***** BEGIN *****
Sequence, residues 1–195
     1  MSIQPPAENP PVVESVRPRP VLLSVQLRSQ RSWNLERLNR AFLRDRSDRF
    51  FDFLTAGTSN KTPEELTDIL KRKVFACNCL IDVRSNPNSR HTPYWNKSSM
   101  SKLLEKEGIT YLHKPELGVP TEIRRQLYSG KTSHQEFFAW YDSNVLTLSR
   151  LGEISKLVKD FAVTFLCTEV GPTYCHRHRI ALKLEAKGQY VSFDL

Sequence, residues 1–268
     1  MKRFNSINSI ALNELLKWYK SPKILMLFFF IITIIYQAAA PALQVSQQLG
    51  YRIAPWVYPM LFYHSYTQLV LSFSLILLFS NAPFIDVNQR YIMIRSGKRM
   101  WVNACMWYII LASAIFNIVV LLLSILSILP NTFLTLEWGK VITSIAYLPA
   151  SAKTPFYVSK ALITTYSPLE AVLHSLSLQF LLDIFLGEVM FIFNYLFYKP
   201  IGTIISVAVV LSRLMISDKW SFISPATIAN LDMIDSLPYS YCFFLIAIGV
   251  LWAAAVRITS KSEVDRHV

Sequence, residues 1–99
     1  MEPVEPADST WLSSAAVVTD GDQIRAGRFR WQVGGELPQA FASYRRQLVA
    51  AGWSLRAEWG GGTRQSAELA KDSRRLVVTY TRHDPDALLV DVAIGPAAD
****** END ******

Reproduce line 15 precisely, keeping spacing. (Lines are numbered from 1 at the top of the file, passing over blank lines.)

    51  AGWSLRAEWG GGTRQSAELA KDSRRLVVTY TRHDPDALLV DVAIGPAAD